Craft Beer

by Daniel Thor, Bellissimo Foods

The craft beer revolution started in 1965 when Fritz Maytag, grandson to the Maytag empire, bought 51% of Anchor Steam Brewery, a company that – before Fritz got involved – was going out of business.  Since 1965 the craft beer business has taken off in a direction that more closely mirrors the wine industry with smaller unique producers around the country putting their own personal touch on the classic beverage.  The common saying is that pizza and beer go hand in hand, but the realm of possibilities hasn’t even been touched until you’ve tried to pair your pizza creations with a good local craft beer.

In the United States today there are 3,464 breweries operating in America, a 50% increase in the last 6 years.  There are also 3 BILLION pizzas sold in America every year, and 350 slices eaten every second.  With the way these two items complement each other it’s no wonder restaurants all over the country are partnering with local craft breweries. Introducing craft beers increases restaurant traffic, bar revenue and overall profits.

The average guest check that includes food and a mainstream beer is on average $73, according to FSR Magazine, while it’s $86 for the same meal for the same meal with a craft beer.  Furthermore, FSR Magazine also estimates that the average mainstream beer drinker spends $0.80 per minute, while a craft beer drinkers spends $1.00 per minute.  That is a 25% increase.

The first step in introducing some new craft beers is often the easiest and involves exactly what you think – tasting and selecting local craft beers to use in your establishment.  With the help of your head cook/chef, sit down with some selections to see what opportunities there are between your current offering and the beers that you are tasting.  Create flavor synchronization between the toppings on the pizza and the beer you want to serve.  An example could be a meat pizza paired with a very hoppy beer, such as an IPA; while a vegetable pizza might go well with a darker beer such as a brown ale.  Also, as every customer is going to have a different opinion of beer, you should offer a wide variety of beers, with some that are well balanced to match a variety of tastes, some that match your climate and season, and some just for the adventurous.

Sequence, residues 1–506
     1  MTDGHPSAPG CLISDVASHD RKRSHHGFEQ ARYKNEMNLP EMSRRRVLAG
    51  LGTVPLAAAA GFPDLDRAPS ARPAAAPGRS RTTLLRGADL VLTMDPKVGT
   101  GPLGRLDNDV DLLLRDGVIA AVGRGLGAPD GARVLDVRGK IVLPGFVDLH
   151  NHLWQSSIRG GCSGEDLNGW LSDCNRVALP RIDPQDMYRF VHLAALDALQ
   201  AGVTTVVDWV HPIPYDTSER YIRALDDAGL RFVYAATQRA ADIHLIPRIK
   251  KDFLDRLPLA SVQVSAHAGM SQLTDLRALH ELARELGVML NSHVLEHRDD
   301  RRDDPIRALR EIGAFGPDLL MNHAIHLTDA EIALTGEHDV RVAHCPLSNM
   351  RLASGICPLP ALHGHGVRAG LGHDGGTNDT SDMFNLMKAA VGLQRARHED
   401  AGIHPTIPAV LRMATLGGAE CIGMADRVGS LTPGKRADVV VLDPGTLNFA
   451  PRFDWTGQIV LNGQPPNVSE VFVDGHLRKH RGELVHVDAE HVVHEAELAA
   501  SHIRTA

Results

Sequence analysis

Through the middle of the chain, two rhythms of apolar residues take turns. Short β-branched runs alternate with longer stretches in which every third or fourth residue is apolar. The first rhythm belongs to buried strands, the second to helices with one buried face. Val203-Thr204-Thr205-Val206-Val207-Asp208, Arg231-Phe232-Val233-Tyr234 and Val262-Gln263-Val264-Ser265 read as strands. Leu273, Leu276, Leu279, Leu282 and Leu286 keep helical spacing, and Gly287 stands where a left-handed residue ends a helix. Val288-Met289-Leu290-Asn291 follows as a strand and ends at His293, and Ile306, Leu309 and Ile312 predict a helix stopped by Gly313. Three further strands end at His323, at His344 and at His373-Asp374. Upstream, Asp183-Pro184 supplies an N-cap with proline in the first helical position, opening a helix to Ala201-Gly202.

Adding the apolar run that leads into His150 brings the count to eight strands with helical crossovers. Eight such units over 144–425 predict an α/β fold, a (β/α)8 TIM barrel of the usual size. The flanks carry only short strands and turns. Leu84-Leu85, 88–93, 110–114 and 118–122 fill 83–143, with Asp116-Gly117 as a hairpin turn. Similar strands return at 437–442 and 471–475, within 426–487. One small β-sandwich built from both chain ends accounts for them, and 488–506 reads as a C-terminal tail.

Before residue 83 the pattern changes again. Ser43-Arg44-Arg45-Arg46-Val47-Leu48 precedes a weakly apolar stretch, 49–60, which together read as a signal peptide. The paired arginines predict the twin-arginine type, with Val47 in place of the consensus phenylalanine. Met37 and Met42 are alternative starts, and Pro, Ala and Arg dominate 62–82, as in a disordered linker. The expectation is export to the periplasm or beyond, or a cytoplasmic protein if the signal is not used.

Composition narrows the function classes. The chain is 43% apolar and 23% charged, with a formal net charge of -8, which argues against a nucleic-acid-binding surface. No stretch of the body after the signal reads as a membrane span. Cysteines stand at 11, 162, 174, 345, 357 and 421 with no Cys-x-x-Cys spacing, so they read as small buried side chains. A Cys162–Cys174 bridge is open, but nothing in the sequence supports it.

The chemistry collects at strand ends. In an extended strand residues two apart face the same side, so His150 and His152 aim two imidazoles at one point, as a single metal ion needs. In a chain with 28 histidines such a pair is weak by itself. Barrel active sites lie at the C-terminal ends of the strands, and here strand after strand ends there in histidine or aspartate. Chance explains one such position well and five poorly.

When implementing new craft beers to your menu, make sure that your staff if well-trained in which pizza complements which beer.  Spicy goes with pales, lagers and pilsners for standard items, and stout/dark beers for lighter items.  You might also want to launch your new menu with the help of a local brewery.  Pint nights are very effective at picking up new customers.

Some people are obsessed with beer, while others are obsessed with pizza.  Why not marry the two for extra traffic and sales?

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